Accessible Design Principles

Most people today can hardly conceive of life without the internet. However, people with disabilities use the web differently that those without disabilities.

Scroll to the bottom of this page for 'how to' videos and resources on the web.

Scroll down to review accessible design principles you need to be aware of. Each is explained in detail on the related page:

Headings & Styles

Sighted viewers can scan a page and use visual cues like larger or bold text to find the section of a document that they want to read. However, for someone using a screen reader, these visual markups are useless - leaving them to navigate word by word from the start of the document or webpage until they find the section they want.

  • Using styles and headings allow a screen reader to navigate from section to section, making for a more convenient experience for that user.
  • Headings should always be used in a hierarchical manner. Anything formatted as Heading 3 should be a sub-section to what has been labeled as Heading 2. Headings are nested under other headings; you should never jump from Heading 1 to Heading 4 without using Headings 2 and 3.

Alternative Text for Images (Alt Text)

Adding alternative text for images is the first principle of web accessibility. Images are non-text content, and must provide contextual information for screen readers and other accessibility devices. Alternative text for images provides semantic meaning and description for images which is necessary in order to determine the content of the image.

Font Type & Size

Try to use simple font in a good size - no smaller than 11 point for printed materials. Avoid fancy or cursive fonts as these can be difficult to read. Avoid using too many fonts and typing long phrases or sentences in ALL CAPS.

Formatted Lists

When you create lists, use the bulleted or numbered list formatting tool. This allows a screen reader to identify the number of items in a list. Using list formatting tools allows a screen reader to determine the length of the list, and the reader can understand how the content is organized and how many items are on the list.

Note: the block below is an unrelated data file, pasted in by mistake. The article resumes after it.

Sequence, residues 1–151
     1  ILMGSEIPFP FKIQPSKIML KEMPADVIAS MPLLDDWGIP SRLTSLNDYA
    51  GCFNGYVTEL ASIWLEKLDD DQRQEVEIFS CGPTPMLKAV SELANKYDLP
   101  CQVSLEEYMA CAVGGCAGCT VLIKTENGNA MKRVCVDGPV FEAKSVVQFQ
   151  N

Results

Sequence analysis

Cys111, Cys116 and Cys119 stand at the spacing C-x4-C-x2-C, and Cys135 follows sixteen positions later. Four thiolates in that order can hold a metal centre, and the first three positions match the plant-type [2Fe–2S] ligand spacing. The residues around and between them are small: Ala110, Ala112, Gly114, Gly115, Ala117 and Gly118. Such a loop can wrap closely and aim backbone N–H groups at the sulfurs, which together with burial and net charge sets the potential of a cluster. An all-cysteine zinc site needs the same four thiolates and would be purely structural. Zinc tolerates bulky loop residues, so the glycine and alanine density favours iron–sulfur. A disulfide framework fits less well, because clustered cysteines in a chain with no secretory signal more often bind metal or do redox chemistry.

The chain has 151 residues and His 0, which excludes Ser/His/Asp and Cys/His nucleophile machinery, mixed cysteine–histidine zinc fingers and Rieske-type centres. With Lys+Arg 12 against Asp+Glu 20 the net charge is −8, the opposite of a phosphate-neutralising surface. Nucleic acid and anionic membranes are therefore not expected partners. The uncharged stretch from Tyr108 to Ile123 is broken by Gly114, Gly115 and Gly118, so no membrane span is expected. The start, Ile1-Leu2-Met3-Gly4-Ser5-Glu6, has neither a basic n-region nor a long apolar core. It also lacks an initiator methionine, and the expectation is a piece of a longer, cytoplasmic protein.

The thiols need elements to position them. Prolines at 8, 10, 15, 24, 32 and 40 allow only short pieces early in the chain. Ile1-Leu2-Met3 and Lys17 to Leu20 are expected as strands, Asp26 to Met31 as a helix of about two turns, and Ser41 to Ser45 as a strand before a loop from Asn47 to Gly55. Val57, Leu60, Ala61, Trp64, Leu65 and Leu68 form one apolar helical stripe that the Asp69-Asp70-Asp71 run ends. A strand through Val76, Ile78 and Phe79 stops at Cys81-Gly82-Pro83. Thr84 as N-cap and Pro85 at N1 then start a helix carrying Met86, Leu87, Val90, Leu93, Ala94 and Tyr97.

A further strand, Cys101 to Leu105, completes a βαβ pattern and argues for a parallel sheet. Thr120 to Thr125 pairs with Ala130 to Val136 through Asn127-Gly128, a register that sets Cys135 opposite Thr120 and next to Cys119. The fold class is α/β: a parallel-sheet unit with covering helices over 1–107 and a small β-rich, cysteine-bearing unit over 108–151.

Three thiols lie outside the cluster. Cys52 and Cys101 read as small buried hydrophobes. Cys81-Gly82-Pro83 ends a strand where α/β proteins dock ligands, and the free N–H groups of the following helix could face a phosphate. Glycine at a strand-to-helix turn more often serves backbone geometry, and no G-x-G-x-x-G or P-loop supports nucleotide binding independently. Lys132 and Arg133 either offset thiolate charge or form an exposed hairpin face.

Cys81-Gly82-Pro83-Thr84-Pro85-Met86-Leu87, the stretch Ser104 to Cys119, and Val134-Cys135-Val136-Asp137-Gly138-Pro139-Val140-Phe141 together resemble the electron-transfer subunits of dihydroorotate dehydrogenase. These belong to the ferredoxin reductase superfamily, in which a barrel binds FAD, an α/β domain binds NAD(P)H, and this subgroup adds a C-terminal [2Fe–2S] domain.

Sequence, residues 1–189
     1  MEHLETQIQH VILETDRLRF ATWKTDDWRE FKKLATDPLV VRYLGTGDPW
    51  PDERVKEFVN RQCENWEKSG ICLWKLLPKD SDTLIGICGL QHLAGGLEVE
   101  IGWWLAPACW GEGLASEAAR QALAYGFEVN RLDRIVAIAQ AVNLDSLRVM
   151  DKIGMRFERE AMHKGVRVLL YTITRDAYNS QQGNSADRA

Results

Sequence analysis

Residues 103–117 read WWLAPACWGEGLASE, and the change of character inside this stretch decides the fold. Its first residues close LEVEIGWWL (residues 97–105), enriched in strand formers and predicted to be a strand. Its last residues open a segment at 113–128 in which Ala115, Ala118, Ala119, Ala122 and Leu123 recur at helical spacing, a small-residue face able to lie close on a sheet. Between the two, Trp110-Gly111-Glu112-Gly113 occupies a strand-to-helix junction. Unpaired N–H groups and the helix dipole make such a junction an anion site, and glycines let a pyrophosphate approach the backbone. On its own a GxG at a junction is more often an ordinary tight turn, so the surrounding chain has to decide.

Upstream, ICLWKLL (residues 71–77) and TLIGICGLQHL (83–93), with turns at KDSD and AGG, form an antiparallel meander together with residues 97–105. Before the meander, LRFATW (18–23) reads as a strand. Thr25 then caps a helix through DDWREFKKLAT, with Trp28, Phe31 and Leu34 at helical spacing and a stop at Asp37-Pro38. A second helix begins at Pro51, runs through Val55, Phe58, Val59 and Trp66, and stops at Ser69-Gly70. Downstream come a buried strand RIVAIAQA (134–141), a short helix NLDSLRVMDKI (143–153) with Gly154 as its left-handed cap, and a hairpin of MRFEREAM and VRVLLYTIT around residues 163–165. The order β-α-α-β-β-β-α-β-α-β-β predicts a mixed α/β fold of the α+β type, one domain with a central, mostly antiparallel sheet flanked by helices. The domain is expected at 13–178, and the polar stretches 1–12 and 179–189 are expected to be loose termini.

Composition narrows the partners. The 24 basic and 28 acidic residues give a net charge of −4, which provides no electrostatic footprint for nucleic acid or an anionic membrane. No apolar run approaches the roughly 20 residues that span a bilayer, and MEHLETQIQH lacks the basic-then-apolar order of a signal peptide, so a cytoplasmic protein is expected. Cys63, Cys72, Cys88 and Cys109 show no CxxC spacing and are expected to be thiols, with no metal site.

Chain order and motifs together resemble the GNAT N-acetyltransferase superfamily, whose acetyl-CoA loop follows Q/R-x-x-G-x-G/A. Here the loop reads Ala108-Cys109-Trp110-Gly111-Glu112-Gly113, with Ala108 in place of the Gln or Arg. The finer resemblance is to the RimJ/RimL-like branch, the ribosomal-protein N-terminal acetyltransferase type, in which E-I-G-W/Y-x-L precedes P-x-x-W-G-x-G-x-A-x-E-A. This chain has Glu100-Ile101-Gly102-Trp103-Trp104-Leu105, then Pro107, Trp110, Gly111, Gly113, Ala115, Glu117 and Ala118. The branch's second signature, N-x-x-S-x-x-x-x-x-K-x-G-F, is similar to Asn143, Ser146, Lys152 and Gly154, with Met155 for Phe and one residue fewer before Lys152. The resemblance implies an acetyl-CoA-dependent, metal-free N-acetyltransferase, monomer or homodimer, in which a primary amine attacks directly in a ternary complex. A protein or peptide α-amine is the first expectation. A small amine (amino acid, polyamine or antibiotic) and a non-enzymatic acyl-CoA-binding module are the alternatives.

• Do not type the numbers or dashes yourself.


Use tables only when you absolutely have to. Use them to organize data when that is necessary. Do not use tables to layout your page. Screen readers will read a table from left to right starting at the top. The relationship between the cells is not defined by a screen reader if it is not formatted correctly. Follow instructions for formatting your table according to the platform you are using (Microsoft Word, etc.)


Make sure your use of color is appropriate for differently sighted (low vision) viewers

  • Don't use color alone to convey meaning
  • Use sufficient color contrast
  • Check your color using color contrast checkers

Use of Space

Often, people use the tab key or space bar to indent items. People often add extra blank lines between sections of a document or page in order to distinguish between sections. For a student with a screen reader, they may believe they've reached the end of a document if they encounter multiple blank spaces. Try to limit the use of blank spaces and use formatting tools to create spaces before or after your line breaks or section headings.

Links and Hypertext

Avoid uninformative link phrases. Phrases like "click here" do not give the user a description of where they will be taken. Instead, use descriptive hyperlink text that clearly communicates what the user will get when they click.

  • Consider the link length: overly long or overly short links may present contextual difficulties
  • Never use an URL as a link. Imagine listening to a screen reader read that off.
  • Include a link title for additional explanation of link reference.
  • See: Links and Hyperlinks


Resources on the Web

Contact Accessibility Coordinators

  Brandon Ray/Director of IT Services/Technology Accessibility Coordinator

Fax: 360.442.2259

  Mary Kate Morgan/Director of Disability Support Services & Special Populations


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